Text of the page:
Senate Committee Report: CIA Torture Hurt America's Reputation, Did Not Help Acquire Intel


Credit: Carlos Latuff/wikimedia

A copy of the conclusions of the Senate Intelligence Committee report on the CIA's interrogation and detention program, which began after the 9/11 attacks and ended in 2006, has been leaked.

The classified report is 6,300 pages long and questions the legal foundation for the use of waterboarding and other so-called "enhanced interrogation" techniques, arguing that the techniques were not approved by the Department of Justice or CIA headquarters.

An unnamed former U.S. official told McClatchyDC, which obtained the leaked conclusions, that the CIA's claim that around 30 detainees were subjected to such treatment "is BS," and that, "they are trying to say it was a very targeted program, but that's not the case."

Among the committee investigation's findings are the following:

The CIA's use of enhanced interrogation techniques did not effectively assist the agency in acquiring intelligence or in gaining cooperation from detainees.

The CIA's use of enhanced interrogation techniques was brutal and far worse than the agency communicated to policymakers.

The CIA manipulated the media by coordinating the release of classified information, which inaccurately portrayed the effectiveness of the agency's enhanced interrogation techniques.

The CIA manipulated the media by coordinating the release of classified information, which inaccurately portrayed the effectiveness of the agency's enhanced interrogation techniques.

Read the full list of findings below:

Last month, Senate Intelligence Committee Chairman Sen. Dianne Feinstein (D-Calif.) accused the CIA of spying on computers being used in the investigation. CIA Director John Brennan denied that the agency had hacked into Senate computers.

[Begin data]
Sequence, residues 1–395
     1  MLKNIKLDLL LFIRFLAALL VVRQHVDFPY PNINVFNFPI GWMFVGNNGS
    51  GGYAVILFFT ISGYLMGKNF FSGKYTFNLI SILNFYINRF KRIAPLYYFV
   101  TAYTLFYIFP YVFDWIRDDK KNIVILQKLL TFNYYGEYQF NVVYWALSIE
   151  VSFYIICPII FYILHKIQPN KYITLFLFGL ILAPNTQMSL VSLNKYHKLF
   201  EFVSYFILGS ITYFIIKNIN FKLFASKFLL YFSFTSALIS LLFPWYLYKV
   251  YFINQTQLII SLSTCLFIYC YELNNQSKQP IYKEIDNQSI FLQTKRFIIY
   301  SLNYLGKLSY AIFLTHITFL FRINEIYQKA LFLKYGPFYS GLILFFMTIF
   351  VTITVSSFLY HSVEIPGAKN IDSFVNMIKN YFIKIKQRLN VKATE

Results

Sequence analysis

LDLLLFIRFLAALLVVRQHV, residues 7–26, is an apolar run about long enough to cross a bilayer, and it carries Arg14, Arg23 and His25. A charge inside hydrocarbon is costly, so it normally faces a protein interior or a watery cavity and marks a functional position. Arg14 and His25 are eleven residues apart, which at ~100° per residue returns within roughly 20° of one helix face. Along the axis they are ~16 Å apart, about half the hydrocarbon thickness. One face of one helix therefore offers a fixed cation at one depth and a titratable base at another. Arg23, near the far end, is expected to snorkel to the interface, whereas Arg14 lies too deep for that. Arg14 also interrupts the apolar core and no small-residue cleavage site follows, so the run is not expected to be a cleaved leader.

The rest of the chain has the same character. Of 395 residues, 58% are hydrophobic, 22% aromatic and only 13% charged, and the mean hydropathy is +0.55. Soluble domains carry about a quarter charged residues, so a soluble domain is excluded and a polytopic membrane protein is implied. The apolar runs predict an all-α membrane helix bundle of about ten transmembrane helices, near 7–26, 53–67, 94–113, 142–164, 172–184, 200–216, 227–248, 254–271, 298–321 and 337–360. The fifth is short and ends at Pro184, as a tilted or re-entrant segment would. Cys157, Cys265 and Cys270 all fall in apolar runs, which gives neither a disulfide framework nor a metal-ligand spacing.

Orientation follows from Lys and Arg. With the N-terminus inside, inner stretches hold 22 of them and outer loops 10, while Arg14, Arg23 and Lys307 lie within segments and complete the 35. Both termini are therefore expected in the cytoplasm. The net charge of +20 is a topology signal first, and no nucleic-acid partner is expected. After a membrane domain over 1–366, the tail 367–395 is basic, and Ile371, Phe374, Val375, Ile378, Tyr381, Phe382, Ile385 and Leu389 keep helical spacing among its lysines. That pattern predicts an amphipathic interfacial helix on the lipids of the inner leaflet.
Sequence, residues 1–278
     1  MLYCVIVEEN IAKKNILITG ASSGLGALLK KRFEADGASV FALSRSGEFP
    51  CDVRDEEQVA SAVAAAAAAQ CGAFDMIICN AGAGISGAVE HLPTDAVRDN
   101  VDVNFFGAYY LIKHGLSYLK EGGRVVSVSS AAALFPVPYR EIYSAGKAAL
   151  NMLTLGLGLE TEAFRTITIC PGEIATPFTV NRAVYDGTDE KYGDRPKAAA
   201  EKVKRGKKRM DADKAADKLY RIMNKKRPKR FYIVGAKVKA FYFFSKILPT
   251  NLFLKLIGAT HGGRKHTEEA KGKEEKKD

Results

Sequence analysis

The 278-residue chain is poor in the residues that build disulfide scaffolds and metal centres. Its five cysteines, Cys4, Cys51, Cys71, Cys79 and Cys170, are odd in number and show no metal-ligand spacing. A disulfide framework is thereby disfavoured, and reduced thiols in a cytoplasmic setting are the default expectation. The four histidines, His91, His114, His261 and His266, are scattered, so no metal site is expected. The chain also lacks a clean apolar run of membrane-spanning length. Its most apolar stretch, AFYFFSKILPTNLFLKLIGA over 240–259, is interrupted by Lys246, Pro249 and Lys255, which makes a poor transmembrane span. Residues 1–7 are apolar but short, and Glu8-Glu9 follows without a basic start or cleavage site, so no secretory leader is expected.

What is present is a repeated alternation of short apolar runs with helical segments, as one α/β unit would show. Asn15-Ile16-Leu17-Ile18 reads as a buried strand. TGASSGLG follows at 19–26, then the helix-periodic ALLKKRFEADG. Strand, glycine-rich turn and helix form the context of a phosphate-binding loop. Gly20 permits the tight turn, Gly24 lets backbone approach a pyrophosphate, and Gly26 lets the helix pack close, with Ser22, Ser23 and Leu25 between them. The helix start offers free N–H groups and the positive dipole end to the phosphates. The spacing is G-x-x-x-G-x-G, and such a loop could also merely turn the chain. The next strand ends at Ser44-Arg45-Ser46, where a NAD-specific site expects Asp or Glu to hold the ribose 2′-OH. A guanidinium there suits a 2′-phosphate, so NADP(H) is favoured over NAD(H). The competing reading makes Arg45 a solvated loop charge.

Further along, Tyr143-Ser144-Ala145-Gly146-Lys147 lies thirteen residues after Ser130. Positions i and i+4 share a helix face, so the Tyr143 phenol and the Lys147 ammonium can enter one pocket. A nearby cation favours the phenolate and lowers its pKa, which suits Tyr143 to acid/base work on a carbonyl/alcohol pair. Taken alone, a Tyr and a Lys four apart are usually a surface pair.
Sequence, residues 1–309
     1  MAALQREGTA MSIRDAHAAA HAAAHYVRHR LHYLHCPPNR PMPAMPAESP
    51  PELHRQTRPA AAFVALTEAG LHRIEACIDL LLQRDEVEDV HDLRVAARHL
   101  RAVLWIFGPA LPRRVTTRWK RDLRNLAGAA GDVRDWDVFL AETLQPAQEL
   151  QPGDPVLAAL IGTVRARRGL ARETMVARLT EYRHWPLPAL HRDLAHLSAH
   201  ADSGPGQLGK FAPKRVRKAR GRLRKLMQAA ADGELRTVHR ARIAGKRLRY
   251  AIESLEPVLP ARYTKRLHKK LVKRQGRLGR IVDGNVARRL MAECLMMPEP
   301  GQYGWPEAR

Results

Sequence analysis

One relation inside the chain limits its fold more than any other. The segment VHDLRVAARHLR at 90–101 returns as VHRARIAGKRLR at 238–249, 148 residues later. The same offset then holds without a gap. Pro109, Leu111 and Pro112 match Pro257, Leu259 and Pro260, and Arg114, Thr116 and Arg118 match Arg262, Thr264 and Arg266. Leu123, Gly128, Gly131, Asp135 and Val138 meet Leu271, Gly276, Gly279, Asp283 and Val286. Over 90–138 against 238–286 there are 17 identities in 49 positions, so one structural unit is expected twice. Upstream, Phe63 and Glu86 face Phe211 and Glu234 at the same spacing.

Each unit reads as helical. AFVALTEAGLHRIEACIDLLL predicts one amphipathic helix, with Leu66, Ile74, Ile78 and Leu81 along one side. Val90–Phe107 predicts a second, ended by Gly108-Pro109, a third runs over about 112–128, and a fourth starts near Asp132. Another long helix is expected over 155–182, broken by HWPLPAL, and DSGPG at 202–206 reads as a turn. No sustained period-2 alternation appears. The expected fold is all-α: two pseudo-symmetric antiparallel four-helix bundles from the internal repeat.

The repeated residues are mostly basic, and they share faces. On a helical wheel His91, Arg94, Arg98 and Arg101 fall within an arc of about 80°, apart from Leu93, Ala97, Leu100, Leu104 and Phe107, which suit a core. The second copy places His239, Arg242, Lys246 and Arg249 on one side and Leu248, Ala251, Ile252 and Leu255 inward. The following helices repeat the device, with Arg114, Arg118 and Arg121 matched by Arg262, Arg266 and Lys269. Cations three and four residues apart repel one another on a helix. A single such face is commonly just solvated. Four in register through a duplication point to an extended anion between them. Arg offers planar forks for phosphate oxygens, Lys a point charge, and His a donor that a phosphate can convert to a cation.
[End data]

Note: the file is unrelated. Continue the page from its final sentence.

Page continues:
The Senate Intelligence Committee voted earlier this month to declassify a 480 page summary of the report. 

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  1. Unsurprising that they lied and it got out of control. The problem with torture is that even if you do it on the one worst case everyone thinks their case is the worst and most important. You start by water boarding KSM and you end up torturing a taxi driver in Baghram picked up by mistake.

    It is also unsurprising it wasn’t effective. Lots of countries have tortured people over the years, many of them routinely and as a part of their criminal justice system. Yet, those countries, be it the USSR or Cuba don’t seem to have any more effective intelligence or LEO services than countries that don’t.

    The dumbest thing of all in this whole affair is the CIA effectively bragging about the torture. It bought them all of the downsides of doing it but really none of the benefits. Once knew they could be tortured, our enemies prepared themselves for it and it lost its effect. If they had just shut up and done or said nothing, then our enemies wouldn’t know what to expect when captured. In those circumstances you don’t have to torture anyone. You can just let them contemplate the possibility you might.

    1. Plus if you do break someone, how do you know if they’re telling you the truth, or just whatever you want to hear so you’ll stop for a while?